I don't think that it's fair to conflate those two (as the main cause for a poorer generation). Surely the death of DB pensions will be a far greater factor in terms of future generations being less well off? A few decades ago, every FTSE100 company had a DB pension scheme, now there are 2-3.
    Originally posted by edinburgher
    People still made sizable employee contributions to the schemes. One scheme I was a member ( mid 90's) had employee contribution levels of 9%. They weren't simply funded by employer contributions. How many people now save 9% of their salary into personal pension plans? The emphasis has changed for people. Party now and worry pension provision later. Bigger and more expensive housing. Better cars. Long distance travel. All down to personal choice.
    ““there really is no such thing as ‘the future’, singular. There are only multiple, unforeseeable futures, which will never lose their capacity to take us by surprise.””
    ― Niall Ferguson
    • bigadaj
    • By bigadaj 20th Jul 16, 11:57 PM
    • 10,850 Posts
    • 7,187 Thanks
    bigadaj
    People still made sizable employee contributions to the schemes. One scheme I was a member ( mid 90's) had employee contribution levels of 9%. They weren't simply funded by employer contributions. How many people now save 9% of their salary into personal pension plans? The emphasis has changed for people. Party now and worry pension provision later. Bigger and more expensive housing. Better cars. Long distance travel. All down to personal choice.
    Originally posted by Thrugelmir
    That level of contribution would have been unusual then, not so much now.

    We can look at the approximate cost of a db scheme being a round 25% of salary which still means the company is contributing far more than most would do to a DC scheme.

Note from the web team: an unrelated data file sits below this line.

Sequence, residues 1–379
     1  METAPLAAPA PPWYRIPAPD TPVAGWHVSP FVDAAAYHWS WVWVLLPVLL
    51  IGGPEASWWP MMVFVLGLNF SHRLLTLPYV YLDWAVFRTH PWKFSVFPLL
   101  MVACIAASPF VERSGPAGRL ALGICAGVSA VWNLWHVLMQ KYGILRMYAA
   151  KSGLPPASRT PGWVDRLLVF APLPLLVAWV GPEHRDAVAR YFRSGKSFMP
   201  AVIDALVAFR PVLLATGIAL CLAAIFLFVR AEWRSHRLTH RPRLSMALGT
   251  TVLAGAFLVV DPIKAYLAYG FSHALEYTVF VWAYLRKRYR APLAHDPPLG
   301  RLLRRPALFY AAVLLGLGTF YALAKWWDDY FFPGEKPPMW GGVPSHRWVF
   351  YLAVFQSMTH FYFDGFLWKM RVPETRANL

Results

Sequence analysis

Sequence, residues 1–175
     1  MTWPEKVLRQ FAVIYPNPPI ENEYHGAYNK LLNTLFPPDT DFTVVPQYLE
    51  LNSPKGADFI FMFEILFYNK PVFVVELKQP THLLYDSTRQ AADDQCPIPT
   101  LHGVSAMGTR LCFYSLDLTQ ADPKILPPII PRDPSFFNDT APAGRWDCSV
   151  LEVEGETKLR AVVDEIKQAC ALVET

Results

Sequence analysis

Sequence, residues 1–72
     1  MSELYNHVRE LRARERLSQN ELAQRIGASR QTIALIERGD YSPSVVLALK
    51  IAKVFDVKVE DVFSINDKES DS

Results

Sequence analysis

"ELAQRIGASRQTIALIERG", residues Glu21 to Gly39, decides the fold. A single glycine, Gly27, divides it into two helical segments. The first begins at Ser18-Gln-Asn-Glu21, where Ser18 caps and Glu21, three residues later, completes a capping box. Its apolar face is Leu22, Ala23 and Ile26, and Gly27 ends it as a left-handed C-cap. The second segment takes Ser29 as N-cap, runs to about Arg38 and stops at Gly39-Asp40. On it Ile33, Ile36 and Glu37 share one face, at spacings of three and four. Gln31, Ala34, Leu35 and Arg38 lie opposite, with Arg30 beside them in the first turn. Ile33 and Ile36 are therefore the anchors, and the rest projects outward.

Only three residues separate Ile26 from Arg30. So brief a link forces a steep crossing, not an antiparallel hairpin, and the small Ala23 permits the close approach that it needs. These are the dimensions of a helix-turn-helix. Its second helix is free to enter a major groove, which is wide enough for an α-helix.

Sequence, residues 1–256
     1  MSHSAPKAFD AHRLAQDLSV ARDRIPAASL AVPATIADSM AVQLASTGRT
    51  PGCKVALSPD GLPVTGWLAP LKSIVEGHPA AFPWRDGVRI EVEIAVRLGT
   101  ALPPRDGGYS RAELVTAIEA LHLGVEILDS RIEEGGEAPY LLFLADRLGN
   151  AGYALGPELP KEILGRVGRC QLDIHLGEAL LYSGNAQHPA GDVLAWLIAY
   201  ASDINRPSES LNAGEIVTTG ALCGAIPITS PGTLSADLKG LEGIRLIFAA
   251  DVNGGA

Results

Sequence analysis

Many peoples approach has not varied that much and certainly not in the also two or three decades. It's the fact that db schemes have been closed everywhere apart from the public sector, and significantly diluted even in the latter.
    • jamesd
    • By jamesd 24th Jul 16, 8:14 PM
    • 23,495 Posts
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    jamesd
    I've added this:

    Non-essential interesting material
    Last edited by jamesd; 24-07-2016 at 8:30 PM.
    • mozza78
    • By mozza78 25th Jul 16, 8:07 AM
    • 93 Posts
    • 150 Thanks
    mozza78
    Can I just say thanks for a very very useful thread!
    • jamesd
    • By jamesd 1st Aug 16, 3:42 AM
    • 23,495 Posts
    • 15,831 Thanks
    jamesd
    I've added a link to another cfiresim worked example:

    Thoughts on my plan please retiring 59, £9500 defined benefit pension, 8k assumed state pension, £275000 investments, desired income £2000 a month, £2250 looks possible.

    I've also added a worked example of how to use the 4% rule to calculate approximate monthly pension contributions needed to get to a given target income at and before state pension age.
    • simonfitba
    • By simonfitba 1st Aug 16, 4:31 PM
    • 174 Posts
    • 72 Thanks
    simonfitba
    Appreciate the effort jamesd. Top work fella. This will help a lot of people.